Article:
Let’s talk about a taboo topic

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In my younger days it was considered rude to ask a person their age or weight unless you were a clerk at the Department of Motor Vehicles. Nowadays, mentioning a person’s excess weight is a social no-no that can earn you a bushel of reprobation or outright condemnation.

I’m not one of those people who feel that the world has become too politically correct (PC), but I do think that in the case of obesity we have allowed our reluctance to offend to blind us to a major problem—at least here in the United States we have. I might also add that this issue is also an example of hypocrisy of the highest order. We are condemned if we mention that a person is overweight, but completely free to criticize skinny people.

Let’s put that one aside for now, though, and look at why we need to be more open to discussions of obesity. First, let’s define the term. Obesity is defined as being grossly fat or overweight; of weighing more than what is healthy for a given height or body type. Doctors consider a person obese if they are more than 20 percent over their ideal weight, which is determined in relation to height, age, gender, and build. More precisely, the US National Institutes of Health (NIH) defines obesity as having a Body Mass Index (BMI) of 30 and above.

Obesity, or the presence of excessive body fat, is not just a matter of appearance. It is a medical problem that increases a person’s risk of other health issues, such as heart disease, type 2 diabetes, high blood pressure, and certain cancers. Not every obese person is at fault for being fat. Heredity plays a role, but so does environment, diet, and exercise choices. With nearly 80 million adults and over 10 million children in the US classified as obese, it’s accurate to say that we are a ‘fat’ nation. I mean, we’re talking here about a third of adults and nearly twenty percent of the young people.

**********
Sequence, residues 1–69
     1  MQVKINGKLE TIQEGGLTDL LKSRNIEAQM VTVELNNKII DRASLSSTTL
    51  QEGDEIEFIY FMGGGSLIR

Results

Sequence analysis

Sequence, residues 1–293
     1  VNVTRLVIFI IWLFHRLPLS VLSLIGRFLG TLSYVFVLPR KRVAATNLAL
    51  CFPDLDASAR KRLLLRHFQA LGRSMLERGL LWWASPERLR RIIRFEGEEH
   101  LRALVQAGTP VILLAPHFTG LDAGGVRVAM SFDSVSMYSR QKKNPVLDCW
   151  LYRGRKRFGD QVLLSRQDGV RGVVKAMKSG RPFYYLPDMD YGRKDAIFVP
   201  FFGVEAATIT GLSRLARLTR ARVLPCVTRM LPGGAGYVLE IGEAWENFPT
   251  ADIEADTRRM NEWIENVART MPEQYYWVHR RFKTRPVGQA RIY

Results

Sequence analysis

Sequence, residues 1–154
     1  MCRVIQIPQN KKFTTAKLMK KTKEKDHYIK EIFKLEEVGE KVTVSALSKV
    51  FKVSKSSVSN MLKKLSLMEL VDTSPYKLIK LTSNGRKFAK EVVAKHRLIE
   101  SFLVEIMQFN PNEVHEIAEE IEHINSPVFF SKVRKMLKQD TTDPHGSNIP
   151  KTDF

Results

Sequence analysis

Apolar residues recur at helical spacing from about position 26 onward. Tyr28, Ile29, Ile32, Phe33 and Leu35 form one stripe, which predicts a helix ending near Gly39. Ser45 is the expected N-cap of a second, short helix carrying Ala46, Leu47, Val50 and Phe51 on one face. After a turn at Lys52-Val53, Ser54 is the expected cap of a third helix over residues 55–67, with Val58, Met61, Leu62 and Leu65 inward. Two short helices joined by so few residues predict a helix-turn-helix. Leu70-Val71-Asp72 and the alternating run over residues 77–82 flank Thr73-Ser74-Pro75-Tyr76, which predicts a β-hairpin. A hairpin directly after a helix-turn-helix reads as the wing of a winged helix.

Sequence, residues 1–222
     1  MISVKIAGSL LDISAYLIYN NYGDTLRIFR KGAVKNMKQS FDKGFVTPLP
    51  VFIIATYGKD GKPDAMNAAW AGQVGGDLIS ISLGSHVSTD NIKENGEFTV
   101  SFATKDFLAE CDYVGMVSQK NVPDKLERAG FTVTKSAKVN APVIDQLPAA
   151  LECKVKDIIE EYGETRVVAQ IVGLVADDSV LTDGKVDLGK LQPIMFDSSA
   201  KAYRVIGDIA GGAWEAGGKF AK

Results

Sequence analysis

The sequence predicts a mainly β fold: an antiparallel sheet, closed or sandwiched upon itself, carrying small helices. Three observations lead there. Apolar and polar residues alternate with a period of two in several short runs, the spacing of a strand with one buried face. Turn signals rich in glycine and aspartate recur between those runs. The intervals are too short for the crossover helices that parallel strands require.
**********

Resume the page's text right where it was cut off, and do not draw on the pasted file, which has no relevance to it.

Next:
To put it another way, during the period 1999 to 2000 30 percent of Americans were obese, but during 2017-2018, the number increased to over 42 percent. Obesity-related medical costs in the US are estimated to be $147 billion annually in 2008 US dollars. That’s a lot of fast food. Sadly, our fat problem didn’t start in 1999 either. I spent from 1962 to 2012 working mostly abroad, and every time I returned to the US from an overseas tour I was struck by the number of ‘large’ people compared to what I saw in other countries.

In addition to the health problems, overweight creates problems in other areas of life. We had a raging debate several years ago, for instance, about whether seriously overweight people who fly, and who, because of their girth take up more than a single seat, should be required to pay for the extra seat or pay more simply because they are heavy. There was even a case of a woman being removed from a flight because she fat-shamed the two heavy women she had been seated between.

I don’t condone shaming people, but if you’ve ever had to endure an eight-hour flight sandwiched between two people who take up their seat and part of yours, your sympathy would be with the woman removed from the flight. I once suffered my own public encounter with an obese person. I broke my femur in 2013 and had to use crutches for nearly nine months while I recovered from surgery. It was a long time before I could comfortably sit with my knees together.

One day, while riding the DC subway, I was in one of the inward facing seats reserved for elderly and handicapped passengers. A young but extremely heavy young woman boarded and decided to sit next to me. Needless to say, it was crowded, but I squeezed against the plastic barrier and tried to make the best of it. That wasn’t enough for her. In a voice dripping with disapproval, she said, “If you would sit with your legs together, it wouldn’t be so crowded.” That wasn’t exactly true. Her hips were at least two inches wider than half the width of the seat, and if I could have clapped my knees together we would still have been packed into that seat as tight as sardines.

I chose, however, to avoid confrontation. Balancing on my crutches, I stood and let her have the chair to herself. As soon as I stood, she spread her legs. I had to bite my tongue to keep from laughing or saying something that would have only started an argument.

Not every obese person can control their weight, but a lot of them could if they would pass on the second helping, snack less and healthier, and push back from the table earlier. Oh, yeah, and exercise regularly. The ones who refuse to do this only make it hard on the ones who can’t help their condition, and they increase the financial burden on all of us.

If I have insulted or offended anyone by the foregoing, I apologized, but this was a weight I had to get off my chest. – NWI